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OLA Merging Algorithms


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This document outlines the multi-source merging functionality in OLA.

Problem Definition

The old version of OLA had two merge modes, HTP & LTP. This didn't allow for priority based merging of multiple DMX sources and in particular, didn't work well with automated lights.

A separate but related problem what that some devices (such as the E1.31 device) support a priority field when sending DMX data. These fields should be customizable.

With the new merging features, a user can configure two input ports to be bound to the same universe, and set the priorities of the ports such that data on one is preferred over another. This can be used to implement backup controllers.

The protocols known to support priorities are:


From the E1.31 standard, we define a source priority which is an integer in the range 0 to 200 with 0 the lowest priority and 200 the highest. The default priority is 100.

Each universe will have an active priority which is the priority that data is being handled for. Data received with a lower priority will be ignored, while data received with a higher priority will raise the universe's active priority to match that of the new data.

Input ports

Input ports will be separated into two types, those that support priorities and those that don't.

Ports that support priorities will offer two modes, inherit and override. Inherit mode will use the priority provided by the device/protocol. Override mode will allow the user to set a priority.

Ports that don't support priorities will allow the user to specify the priority, defaulting to 100.

Output ports

Output ports that support priorities will again provide inherit and override modes. Inherit mode will use the universe's active priority, ports operating in override mode will allow the user to specify a priority.

Output ports that don't support priorities won't change.

Source Clients

Source clients will be able to set a source priority when sending DMX data, this will default to 100.

Sink Clients

No changes required. We may provide the universe's active priority in the data packet if required.

Resolution of Equal Priority Data

Universes will offer a choice of HTP and LTP merge modes for when data is received from multiple ports with the same priority.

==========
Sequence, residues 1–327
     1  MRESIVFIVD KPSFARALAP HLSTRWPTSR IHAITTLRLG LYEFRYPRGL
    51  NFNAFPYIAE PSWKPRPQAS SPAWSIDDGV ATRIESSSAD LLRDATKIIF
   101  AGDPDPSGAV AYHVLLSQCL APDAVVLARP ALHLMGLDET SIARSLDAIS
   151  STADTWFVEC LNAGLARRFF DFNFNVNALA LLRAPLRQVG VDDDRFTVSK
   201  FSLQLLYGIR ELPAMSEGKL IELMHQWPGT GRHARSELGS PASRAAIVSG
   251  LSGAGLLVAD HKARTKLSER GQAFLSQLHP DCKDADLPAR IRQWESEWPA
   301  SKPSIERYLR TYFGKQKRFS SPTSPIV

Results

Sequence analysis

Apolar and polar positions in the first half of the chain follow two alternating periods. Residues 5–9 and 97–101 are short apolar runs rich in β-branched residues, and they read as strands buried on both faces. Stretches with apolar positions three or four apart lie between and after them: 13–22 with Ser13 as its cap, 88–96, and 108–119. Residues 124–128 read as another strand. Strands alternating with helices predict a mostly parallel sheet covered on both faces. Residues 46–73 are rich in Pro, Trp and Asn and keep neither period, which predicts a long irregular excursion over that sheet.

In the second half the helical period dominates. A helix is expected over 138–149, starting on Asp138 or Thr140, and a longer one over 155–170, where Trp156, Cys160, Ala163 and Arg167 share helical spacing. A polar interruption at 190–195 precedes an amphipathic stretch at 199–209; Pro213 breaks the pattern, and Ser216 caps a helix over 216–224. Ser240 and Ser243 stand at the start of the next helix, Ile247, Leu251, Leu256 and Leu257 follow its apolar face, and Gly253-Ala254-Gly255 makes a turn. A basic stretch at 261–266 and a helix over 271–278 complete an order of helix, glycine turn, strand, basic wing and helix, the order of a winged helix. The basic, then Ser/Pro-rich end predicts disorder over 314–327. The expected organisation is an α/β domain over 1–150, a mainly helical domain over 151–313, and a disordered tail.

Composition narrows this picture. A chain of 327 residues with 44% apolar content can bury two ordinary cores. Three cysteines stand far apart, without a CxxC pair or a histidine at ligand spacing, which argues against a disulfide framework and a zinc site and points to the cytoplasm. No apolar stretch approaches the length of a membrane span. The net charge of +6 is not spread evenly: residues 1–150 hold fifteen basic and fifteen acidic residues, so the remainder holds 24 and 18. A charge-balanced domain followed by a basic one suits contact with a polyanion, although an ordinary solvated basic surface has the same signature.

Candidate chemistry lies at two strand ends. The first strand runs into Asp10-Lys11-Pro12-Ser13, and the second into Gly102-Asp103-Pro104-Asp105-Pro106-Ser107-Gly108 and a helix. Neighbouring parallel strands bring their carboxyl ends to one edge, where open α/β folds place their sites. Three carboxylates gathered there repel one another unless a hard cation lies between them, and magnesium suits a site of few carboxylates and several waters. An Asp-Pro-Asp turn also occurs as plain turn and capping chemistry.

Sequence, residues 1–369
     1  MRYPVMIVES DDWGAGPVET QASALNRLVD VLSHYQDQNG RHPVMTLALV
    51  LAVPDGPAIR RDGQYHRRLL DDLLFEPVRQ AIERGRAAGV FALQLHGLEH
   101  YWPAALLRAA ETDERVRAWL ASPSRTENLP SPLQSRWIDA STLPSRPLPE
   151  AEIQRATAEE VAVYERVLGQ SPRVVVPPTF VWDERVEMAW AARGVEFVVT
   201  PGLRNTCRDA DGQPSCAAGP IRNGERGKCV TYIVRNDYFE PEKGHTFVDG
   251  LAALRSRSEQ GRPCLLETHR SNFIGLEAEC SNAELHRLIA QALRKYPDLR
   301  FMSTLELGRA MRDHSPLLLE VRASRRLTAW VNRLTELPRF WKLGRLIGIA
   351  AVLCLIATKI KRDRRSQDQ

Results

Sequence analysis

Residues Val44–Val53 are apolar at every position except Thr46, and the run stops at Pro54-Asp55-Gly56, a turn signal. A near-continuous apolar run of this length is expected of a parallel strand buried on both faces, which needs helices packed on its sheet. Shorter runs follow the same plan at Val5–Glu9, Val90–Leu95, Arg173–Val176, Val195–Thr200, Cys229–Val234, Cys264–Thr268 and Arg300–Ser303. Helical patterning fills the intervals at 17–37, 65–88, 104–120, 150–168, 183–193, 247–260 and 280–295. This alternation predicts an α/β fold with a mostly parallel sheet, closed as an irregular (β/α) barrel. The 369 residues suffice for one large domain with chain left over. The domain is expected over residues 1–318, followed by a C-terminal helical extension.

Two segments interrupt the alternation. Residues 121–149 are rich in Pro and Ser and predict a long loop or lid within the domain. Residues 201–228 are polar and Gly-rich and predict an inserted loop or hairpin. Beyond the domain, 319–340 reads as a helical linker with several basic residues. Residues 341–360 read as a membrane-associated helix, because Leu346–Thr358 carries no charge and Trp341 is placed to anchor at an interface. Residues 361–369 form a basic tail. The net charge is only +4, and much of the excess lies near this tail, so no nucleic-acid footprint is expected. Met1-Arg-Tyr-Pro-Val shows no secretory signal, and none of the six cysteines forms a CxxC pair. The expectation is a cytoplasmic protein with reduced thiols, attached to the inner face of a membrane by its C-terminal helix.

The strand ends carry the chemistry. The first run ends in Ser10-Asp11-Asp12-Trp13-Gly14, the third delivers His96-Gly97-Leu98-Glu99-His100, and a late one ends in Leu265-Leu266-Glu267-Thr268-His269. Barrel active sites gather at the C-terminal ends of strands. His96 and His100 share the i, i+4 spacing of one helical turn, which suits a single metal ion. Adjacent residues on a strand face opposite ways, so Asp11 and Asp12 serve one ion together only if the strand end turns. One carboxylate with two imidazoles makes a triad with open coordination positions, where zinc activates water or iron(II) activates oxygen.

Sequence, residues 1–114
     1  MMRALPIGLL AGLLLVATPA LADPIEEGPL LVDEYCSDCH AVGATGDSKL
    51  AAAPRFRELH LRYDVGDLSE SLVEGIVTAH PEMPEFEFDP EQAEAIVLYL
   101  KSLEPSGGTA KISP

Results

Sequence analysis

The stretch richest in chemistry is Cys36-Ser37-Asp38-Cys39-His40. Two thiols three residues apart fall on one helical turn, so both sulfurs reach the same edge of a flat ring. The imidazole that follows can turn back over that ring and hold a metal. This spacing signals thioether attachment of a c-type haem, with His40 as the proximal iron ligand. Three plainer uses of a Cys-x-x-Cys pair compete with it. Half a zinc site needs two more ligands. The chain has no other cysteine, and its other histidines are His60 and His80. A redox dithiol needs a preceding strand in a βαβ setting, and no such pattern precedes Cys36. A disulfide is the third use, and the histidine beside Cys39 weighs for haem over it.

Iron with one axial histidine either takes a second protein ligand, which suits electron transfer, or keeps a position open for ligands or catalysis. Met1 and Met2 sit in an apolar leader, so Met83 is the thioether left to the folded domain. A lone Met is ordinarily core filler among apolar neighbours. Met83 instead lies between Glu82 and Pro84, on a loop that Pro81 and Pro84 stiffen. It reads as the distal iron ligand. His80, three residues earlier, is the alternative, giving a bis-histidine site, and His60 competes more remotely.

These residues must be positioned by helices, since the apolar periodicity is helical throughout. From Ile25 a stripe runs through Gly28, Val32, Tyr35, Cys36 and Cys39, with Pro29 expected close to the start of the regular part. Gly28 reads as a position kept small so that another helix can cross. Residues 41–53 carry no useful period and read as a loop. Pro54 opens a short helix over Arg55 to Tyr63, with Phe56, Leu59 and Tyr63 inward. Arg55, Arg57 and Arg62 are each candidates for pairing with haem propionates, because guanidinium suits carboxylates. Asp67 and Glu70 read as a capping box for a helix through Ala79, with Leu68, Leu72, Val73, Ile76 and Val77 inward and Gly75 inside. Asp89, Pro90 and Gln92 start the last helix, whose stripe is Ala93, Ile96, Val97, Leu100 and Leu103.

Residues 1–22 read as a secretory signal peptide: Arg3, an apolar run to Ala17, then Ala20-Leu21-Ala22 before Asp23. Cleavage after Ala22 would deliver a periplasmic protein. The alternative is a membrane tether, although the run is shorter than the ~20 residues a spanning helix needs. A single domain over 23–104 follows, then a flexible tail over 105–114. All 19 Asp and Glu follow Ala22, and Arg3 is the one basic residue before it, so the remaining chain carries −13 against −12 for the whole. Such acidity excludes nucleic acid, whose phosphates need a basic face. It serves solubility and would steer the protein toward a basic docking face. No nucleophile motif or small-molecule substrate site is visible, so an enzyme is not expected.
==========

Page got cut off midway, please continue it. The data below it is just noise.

Data Timeouts

When a data source doesn't receive data for a specified interval (known as the timeout interval) it's considered disconnected. At this point the source is removed from the list of available sources and the universe's active priority may reduce. Different ports may have different timeout intervals.

Use Cases

Consider the following

  • Input port A, supports priorities, operating in inherit mode.
  • Input port B, doesn't support priorities, manually set to 120
  • Source client without a priority (defaults to 100)
  • Output port X, doesn't support priorities
  • Output port Y, supports priorities

All ports are bound to the same universe. The cases described below are sequential (the events described in Case 2 assume the events of Case 1 have already occurred)

Case 1: No Merge

No data is received from either input port and the source client sends data. The active priority is 100. Output port X sends the data, output port Y sends the data with priority 100.


Case 2: Simple Merge

Data is now also received on port B. The new active priority is 120. Output port X sends the data from port B, output port Y sends the data from port B with priority 120.


Case 3: Another Simple Merge

Continuing on from Case 2, data is received on port A with a priority of 20. The active priority is still 120 so this data is discarded. Output port X continues to sends the data from port B, output port Y continues to send the data from port B with priority 120.


Case 4: Conflict Merge

New data is received on port A with a priority of 120. With two data sources of the same priority, the merge mode setting of the universe kicks in and the data from ports A and B is HTP or LTP merged depending on the universe setting. Port B continues to send with a priority of 120.


Case 5: Priority Escalation

New data is received on Port A with a priority of 180. The new active priority is 180 and the conflict merge stops. Output port X sends the data from port A, output port Y sends the data from port A with priority 180.


Case 6: Overriding the Output Port Priority

The user changes the mode of Port Y from inherit to override and sets a value of 130. Output port X continues to send the data from port A, output port Y sends the data from port A but with a priority of 130.


Case 7: Source Removal

Port A stops receiving data and is considered disconnected. The active priority drops to 120 and both output ports use the data from port B. Port Y continues to send a priority of 130 because it's operating in override mode.


Further Information